Record Reviews

The Hombres, Let It Out (Let It All Hang Out)

Posted on August 6, 2011

Q: Would I sell it?
A: Maybe for $50.00 but only after I burned a copy of their version of “So Sad.”

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Soul Clan, Soul Clan

Posted on July 22, 2011

Within the last year or two a friend of mine told me she had found a copy of the Soul Clan album at a local music store. I had confessed that I had still never seen a copy of it. She paid an ample sum for her copy but I totally understood why and it’s hard to explain why if you don’t have vinyl in your blood, love in your heart and soul in your bones.

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Various Artists, Rave On Buddy Holly

Posted on July 21, 2011

I downloaded this collection for $8.99. It was worth the nine bucks to aurally experience the various interpretations Charles Hardin Holley, but I find myself coming back for repeated listenings to only five songs, Smith’s “Words of Love,” The Black Keys’ “Dearest,”, My Morning Jackets’ “True Love Ways”, Lou Reed’s “Peggy Sue” and Jenny O’s “I’m Gonna Love You Too.” I like the Cobra’s cut as well as Cee-Lo’s and Florence & The Machines’ version of “Not Fade Away” is worth a listen too.

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The Butanes featuring Willie Walker, Long Time Thing

Posted on July 19, 2011

…these songs respect the traditions of their respective genres, listening to Long Time Thing is like opening up a time capsule and hearing songs that were tucked away for the last 40 to 50 years.

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Songs I Turned Up: Could It Be I’m Falling In Love, The Spinners

Posted on June 22, 2011

The emergences of Phillipe “Soul” Wynne, sharing lead vocal duties with tenor Bobby Smith was the final ingredient in the recipe of fame and success. Listen to “Could It Be I’m Falling In Love,” with Thom Bells’s keys underpinned by Larry Washington’s congas, the strings, the girls and finally, Wynne ad-libbing over the coda. The Spinners had arrived!

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Booker T. Jones, The Road From Memphis

Posted on May 11, 2011

The Road From Memphis works better than Booker’s previous LP, Potato Hole for a couple of reasons. The the originals are much better songs and his collaborators are more sympathetic to his ideas. It sounds like Booker’s vision of a new LP was realized more than somebody else’s vision for a new Booker T. Jones album.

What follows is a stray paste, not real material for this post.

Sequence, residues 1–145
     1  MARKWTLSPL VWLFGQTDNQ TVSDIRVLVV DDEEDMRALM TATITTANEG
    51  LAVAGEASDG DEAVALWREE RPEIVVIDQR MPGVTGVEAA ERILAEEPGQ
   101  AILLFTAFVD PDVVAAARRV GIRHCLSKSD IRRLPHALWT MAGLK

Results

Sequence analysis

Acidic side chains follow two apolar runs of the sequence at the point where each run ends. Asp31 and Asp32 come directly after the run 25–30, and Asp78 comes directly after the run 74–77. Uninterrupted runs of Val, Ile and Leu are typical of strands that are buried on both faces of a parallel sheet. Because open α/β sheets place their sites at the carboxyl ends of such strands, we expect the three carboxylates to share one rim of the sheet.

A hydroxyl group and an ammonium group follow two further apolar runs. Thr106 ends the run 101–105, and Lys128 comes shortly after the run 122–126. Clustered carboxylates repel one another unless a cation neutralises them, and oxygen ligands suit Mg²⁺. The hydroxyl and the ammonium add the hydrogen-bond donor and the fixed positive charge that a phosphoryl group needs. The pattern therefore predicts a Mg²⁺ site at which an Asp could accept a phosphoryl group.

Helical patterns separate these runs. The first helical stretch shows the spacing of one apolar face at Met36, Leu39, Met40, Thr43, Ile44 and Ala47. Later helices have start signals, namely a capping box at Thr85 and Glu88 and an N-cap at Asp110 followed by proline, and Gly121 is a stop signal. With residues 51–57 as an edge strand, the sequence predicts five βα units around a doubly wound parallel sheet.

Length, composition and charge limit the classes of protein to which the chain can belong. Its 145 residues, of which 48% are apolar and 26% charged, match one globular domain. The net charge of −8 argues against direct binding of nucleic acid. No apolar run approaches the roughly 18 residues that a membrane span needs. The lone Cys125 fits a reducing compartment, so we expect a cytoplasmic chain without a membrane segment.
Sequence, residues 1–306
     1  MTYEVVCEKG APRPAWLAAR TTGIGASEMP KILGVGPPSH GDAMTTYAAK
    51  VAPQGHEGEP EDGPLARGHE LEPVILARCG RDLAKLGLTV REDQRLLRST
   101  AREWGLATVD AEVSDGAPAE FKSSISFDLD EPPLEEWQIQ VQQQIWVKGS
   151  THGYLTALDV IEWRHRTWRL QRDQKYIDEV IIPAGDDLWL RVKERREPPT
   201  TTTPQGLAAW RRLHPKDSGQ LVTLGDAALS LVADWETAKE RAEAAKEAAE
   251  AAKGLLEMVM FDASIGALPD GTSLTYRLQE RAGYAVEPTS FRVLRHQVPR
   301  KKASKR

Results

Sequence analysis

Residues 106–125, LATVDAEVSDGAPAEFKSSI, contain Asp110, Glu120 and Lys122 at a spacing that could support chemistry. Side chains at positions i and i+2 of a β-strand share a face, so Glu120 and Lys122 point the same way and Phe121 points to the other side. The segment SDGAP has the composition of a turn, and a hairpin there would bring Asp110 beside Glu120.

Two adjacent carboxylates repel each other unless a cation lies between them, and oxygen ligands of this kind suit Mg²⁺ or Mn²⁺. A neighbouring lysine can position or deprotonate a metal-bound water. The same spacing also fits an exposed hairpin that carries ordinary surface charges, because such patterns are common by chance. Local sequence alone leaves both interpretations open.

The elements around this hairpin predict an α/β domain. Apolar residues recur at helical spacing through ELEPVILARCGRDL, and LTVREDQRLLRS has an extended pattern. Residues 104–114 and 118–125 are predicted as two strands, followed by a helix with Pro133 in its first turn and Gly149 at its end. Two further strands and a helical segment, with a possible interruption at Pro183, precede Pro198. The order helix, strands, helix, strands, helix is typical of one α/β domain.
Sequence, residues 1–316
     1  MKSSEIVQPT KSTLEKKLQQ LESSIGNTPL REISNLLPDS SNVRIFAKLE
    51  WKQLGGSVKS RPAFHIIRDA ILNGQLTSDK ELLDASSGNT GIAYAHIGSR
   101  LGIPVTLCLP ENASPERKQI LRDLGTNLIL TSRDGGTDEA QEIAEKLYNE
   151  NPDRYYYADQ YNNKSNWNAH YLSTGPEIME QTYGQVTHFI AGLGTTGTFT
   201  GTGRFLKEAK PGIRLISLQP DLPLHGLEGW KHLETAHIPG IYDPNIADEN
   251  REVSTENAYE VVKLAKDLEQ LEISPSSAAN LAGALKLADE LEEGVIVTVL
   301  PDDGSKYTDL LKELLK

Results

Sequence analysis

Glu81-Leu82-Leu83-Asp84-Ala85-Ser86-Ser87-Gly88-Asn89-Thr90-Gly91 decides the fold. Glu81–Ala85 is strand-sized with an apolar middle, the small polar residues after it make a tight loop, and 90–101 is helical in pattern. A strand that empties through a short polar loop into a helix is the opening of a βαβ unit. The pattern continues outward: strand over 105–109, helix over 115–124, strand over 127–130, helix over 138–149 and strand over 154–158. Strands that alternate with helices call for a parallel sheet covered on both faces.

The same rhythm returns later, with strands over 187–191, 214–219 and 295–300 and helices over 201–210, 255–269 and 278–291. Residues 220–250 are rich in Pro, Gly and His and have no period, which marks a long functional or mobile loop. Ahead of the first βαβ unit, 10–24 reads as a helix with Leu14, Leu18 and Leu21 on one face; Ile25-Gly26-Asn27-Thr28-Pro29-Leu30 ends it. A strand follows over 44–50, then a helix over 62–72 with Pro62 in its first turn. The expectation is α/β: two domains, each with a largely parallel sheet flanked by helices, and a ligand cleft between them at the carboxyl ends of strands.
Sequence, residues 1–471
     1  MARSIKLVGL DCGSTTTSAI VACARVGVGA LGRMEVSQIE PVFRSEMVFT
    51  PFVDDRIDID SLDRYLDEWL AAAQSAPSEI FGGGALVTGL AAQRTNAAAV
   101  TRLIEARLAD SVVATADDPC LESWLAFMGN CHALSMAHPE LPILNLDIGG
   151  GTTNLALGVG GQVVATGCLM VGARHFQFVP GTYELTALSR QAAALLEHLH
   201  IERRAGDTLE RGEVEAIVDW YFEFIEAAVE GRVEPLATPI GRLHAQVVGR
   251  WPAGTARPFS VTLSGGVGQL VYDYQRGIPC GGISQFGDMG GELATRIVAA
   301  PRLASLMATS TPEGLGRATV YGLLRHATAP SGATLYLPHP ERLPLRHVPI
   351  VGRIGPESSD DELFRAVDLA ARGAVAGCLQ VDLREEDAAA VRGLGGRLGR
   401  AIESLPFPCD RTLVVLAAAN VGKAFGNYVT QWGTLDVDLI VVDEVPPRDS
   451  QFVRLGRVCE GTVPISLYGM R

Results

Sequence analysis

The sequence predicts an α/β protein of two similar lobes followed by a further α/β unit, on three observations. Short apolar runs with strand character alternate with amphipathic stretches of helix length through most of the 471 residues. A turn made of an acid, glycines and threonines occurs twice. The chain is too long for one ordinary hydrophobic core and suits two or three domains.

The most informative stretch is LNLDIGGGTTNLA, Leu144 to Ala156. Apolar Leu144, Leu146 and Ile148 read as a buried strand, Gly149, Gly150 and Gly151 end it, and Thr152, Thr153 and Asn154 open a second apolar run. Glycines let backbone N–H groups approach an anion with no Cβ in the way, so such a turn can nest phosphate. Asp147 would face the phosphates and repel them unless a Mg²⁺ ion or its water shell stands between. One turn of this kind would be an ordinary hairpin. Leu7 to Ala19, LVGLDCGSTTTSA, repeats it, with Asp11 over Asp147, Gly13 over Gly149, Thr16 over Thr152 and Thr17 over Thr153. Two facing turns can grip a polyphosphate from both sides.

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Dennis Coffey, Dennis Coffey

Posted on May 10, 2011

The album is an homage to Detroit. Coffey’s choice of covers from his past and from the Motor City culture, compliment his new originals as well as the new purveyors of the genre. He stands tall amongst youngsters, schooling them a bit and making a fine record at the same time.

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Charles Bradley, No Time For Dreaming

Posted on May 9, 2011

At 63 years of age, Charles Bradley still purveys raw talent. His vocal approach is often compared to James Brown and Wilson Pickett’s painfully exposed delivery, but those men defined it as a style. I believe Bradley does it this way because it is the only way he knows how

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Scandalous, Black Joe Lewis & The Honeybears

Posted on April 21, 2011

“Black Snake” is reminiscent of “Resurrection Shuffle” by Ashton, Gardner & Dyke, but it would be a disservice to the Joe & the band to compare them to those brass rockers of the early 70s – like Chase or early Chicago – because the Honeybears can swing.

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The Baseball Project, Vol. 2, High & Inside

Posted on April 20, 2011

Again the band displays their love for the game with pop hooks and history lessons. It’s like the Schoolhouse Rock of Baseball.

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